The State Dept. EIS calculated the annual GHG emissions that would be introduced by the Keystone XL pipeline based on the assumption that the pipeline would be operating at capacity (830,000/barrels per day). Despite the fact that Canadian oil sands production is expected to double between 2012 and 2015, the capacity of the pipeline is a constant. Since the editorial is arguing against the pipeline, the lifetime of the Canadian oil sands is really moot. A recent Congressional Research Service study (Lattanzio, 2012) put this in a perspective that I believe most environmental activists would rather avoid. The numbers speak for themselves as to whether GHG-based arguments against the pipeline have any real substance. I will leave it to the reader to decide if the less than 1 percent annual GHG contribution of the Keystone XL pipeline to the annual US GHG emissions is meaningful:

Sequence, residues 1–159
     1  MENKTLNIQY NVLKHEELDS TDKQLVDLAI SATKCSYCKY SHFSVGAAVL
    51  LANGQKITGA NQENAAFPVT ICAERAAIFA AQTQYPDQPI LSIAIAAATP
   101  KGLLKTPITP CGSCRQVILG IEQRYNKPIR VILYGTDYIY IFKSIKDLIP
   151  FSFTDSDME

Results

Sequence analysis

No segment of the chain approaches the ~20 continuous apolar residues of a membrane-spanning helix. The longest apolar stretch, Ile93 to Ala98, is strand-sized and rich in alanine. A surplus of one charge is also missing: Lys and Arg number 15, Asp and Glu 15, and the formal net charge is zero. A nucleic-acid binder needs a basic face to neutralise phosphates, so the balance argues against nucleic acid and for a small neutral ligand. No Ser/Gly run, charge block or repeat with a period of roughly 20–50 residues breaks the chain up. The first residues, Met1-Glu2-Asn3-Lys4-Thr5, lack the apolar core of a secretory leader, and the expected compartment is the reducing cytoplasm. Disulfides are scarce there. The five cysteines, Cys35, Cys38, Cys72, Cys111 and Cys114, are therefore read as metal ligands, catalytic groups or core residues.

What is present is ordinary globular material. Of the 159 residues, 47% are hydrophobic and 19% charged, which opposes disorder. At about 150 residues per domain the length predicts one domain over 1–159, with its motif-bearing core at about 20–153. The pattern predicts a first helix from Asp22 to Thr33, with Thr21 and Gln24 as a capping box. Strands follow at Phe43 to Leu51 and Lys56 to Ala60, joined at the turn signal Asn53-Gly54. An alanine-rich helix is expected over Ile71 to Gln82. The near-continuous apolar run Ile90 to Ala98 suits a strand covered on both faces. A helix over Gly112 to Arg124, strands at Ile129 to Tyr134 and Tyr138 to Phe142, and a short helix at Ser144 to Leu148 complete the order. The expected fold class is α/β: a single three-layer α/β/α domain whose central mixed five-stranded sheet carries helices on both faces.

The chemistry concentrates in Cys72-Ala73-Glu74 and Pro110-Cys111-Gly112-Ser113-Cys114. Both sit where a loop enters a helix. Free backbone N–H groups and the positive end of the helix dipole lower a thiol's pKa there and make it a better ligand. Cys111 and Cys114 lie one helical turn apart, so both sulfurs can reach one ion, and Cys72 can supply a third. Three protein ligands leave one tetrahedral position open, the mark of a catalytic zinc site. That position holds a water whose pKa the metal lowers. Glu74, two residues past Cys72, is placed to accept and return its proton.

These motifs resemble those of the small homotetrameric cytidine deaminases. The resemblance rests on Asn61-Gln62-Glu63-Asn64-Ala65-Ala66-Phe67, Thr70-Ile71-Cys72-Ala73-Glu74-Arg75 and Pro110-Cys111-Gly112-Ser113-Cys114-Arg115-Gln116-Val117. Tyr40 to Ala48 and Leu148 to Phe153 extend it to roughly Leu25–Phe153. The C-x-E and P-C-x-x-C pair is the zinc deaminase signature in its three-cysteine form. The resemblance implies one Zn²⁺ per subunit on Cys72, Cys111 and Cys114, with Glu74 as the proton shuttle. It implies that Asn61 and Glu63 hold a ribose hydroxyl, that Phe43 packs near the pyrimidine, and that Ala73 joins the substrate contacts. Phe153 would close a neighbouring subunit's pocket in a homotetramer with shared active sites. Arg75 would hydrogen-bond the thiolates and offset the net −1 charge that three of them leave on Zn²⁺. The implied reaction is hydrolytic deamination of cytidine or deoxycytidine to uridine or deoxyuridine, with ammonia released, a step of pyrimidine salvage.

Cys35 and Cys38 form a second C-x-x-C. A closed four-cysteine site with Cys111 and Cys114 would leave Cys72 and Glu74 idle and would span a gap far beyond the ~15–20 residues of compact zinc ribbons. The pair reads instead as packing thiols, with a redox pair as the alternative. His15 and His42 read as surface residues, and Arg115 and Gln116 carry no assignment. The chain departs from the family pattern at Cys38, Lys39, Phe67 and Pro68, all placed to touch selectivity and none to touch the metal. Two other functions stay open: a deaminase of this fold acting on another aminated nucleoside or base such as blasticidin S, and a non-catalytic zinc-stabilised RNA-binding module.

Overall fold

The 2013 Draft SEIS analysis found that the potential range of incremental GHG emissions contributed by the pipeline would be 3.7 to 20.7 MMTCO2e annually. As the United States reported a total domestic GHG inventory of 6,865.5 MMTCO2e in 2010, the incremental pipeline emissions would represent an increase of 0.06%-0.3% in total annual GHG emissions for the United States.

The comment in the editorial about the destruction of forests appears to have been made in ignorance of Alberta's aggressive surface-mine reclamation laws. Many of the mines that were in production in the 60s and 70s are already on their way back to being forest. Also, only about 20% of the oil sands are mineable (Humphries, 2008); the remaining 80% can only be extracted through the use of down-hole in situ methods to convert the bitumen into a pumpible liquid. Since well fields are much less invasive than surface mines, preservation of Alberta's boreal forest will improve over time as oil sand production shifts from mining to pumping. There is a downside to oil sand mining and its subsequent reclamation. No reclamation method is capable of restoring the extensive peatlands that the surface mines must destroy to get at the oil sands